Water: Moisture, in the form of warm water, is needed to activate the yeast. It also hydrates the dough so the gluten can develop, converting to steam in the oven to help leaven the dough and prevent the crust from forming too quickly and burning.

Bob’s Red Mill Semolina Flour: Rather than going in the dough, we use Bob’s Red Mill Semolina Flour for dusting specifically the bottom of our Dutch oven bread. Why? When breads are baked at a very high temperature, like pizza dough or our no-knead bread loaf, the bottoms can scorch and stick to your pizza stone or the bottom of your Dutch oven. A protective barrier of cornmeal or semolina flour helps protect your loaf from this pitfall. We prefer semolina flour over cornmeal for its finer texture, allowing all the crunch to come from the crust, not the cornmeal.

Dutch Oven Bread

A classic no-knead bread dough recipe should be as easy as it sounds. Instead, quality ingredients, time, and a Dutch oven should do all the work. This amazing recipe is no exception. Made with an earthy combination of Bob’s Red Mill Artisan Bread Flour and Bob’s Red Mill Stone Ground Whole Wheat Flour, our bread dough spends most of its time in the refrigerator, slowly fermenting and building flavor. Then, when it’s ready, we pop it into a piping hot Dutch oven, creating an unbeatable crisp crust and chewy crumb that rivals the best boules from a bakery.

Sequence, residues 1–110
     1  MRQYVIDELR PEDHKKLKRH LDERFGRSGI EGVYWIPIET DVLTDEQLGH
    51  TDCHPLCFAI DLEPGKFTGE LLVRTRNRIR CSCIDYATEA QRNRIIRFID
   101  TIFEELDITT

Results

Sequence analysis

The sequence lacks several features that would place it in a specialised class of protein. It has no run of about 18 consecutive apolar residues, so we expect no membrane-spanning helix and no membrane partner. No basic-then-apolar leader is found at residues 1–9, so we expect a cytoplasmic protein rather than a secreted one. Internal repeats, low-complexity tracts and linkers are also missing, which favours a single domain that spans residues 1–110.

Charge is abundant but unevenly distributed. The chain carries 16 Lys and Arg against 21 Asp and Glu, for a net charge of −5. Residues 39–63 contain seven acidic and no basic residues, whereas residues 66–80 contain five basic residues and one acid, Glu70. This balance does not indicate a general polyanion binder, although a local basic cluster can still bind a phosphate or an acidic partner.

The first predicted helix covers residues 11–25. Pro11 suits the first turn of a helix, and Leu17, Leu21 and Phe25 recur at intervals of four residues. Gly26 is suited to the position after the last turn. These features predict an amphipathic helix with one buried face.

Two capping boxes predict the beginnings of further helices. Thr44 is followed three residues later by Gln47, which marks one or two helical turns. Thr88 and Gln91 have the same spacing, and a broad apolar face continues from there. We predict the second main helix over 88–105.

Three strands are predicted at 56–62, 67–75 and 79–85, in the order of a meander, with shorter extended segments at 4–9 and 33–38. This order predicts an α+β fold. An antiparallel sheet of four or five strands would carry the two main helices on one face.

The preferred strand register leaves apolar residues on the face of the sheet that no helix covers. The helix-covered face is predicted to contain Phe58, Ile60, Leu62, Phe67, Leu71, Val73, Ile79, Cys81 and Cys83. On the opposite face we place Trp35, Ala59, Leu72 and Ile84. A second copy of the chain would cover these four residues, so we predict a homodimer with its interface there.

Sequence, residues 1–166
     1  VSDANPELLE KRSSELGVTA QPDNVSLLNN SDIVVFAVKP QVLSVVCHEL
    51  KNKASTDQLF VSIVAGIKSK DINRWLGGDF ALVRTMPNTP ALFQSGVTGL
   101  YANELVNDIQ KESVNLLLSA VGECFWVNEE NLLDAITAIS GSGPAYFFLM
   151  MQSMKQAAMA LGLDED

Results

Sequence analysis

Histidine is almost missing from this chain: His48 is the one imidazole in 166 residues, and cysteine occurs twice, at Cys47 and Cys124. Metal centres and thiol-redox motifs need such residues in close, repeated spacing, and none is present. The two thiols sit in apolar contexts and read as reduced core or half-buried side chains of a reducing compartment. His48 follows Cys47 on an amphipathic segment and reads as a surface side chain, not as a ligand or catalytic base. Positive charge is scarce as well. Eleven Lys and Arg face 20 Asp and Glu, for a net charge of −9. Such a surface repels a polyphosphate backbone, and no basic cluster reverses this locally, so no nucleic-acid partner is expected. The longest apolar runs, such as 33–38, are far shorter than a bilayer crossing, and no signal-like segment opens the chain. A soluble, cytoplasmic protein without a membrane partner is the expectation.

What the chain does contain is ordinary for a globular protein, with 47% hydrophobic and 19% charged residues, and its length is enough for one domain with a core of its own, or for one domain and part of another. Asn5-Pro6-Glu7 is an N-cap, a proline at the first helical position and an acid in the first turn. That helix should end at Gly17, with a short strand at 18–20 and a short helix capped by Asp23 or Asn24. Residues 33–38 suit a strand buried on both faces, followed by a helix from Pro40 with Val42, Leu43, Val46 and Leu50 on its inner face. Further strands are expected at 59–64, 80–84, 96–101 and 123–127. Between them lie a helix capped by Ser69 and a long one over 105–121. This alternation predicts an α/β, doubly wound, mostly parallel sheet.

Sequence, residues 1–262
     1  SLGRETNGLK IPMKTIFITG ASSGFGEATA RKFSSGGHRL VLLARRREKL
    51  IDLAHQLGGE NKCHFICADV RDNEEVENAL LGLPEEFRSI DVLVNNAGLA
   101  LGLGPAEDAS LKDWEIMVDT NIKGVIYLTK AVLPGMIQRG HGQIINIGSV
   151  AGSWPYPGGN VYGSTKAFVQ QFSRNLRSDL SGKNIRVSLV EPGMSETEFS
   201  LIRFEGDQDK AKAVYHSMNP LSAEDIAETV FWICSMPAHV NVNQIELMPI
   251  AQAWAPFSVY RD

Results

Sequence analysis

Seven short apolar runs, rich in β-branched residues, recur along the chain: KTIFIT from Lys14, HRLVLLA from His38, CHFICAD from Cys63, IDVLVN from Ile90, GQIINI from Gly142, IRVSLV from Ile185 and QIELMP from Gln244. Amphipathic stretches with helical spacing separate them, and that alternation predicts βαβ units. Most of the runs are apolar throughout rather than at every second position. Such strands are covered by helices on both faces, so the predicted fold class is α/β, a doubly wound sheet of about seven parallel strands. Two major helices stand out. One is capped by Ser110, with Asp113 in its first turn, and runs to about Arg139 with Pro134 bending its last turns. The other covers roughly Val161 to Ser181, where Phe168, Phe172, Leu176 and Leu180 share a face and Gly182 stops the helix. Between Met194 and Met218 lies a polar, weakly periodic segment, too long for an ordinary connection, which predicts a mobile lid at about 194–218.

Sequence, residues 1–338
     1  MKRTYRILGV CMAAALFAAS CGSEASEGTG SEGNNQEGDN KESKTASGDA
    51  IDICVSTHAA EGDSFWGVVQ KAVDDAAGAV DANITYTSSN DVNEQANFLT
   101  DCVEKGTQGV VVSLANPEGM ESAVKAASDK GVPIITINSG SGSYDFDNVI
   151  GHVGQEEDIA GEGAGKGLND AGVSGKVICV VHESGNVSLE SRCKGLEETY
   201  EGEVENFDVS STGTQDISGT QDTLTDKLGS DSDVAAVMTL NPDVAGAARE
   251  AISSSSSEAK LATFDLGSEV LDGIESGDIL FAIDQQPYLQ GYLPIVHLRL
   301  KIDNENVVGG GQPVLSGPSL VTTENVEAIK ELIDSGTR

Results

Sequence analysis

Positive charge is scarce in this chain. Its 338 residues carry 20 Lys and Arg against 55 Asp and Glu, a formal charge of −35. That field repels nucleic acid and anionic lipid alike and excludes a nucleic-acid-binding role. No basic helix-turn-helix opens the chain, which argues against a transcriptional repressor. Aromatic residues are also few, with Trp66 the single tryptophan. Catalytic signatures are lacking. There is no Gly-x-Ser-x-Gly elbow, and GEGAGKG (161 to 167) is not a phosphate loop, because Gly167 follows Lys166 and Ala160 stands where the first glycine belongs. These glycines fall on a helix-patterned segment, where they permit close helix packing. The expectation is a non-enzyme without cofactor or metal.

5.0 from 5 reviews
Dutch Oven Bread
 
Makes 1 loaf
Ingredients
Instructions
  1. In the bowl of a stand mixer, whisk together bread flour, whole wheat flour, salt, and yeast. (Add mix-ins, if desired.) Add 2 cups (480 grams) warm water; using the paddle attachment, beat at low speed until a sticky dough forms, about 30 seconds.
  2. Lightly spray a large bowl with cooking spray. Place dough in bowl. Cover and let rise in a warm, draft-free place (75°/24°C) until doubled in size, 1½ to 2 hours. Refrigerate for at least 2 hours or preferably overnight.
  3. Turn out dough onto a heavily floured surface. Using floured hands, lightly press dough into a 1-inch-thick oval. Grab bottom edge, and gently stretch and fold bottom third over to center. Stretch right side out, and fold right third over to center; repeat with left side. Finish by folding top third over previous folds. Roll loaf away from you seam side down, and using both hands, cup dough and pull it toward you to seal. Turn dough 90 degrees, and pull again until a tight, smooth boule forms. Place, seam side up, in a banneton (proofing basket) or a medium bowl lined with a kitchen towel heavily dusted with bread flour. Loosely cover dough with towel, and let rise in a warm, draft-free place (75°F/24°C) until puffed, 1 to 1½ hours.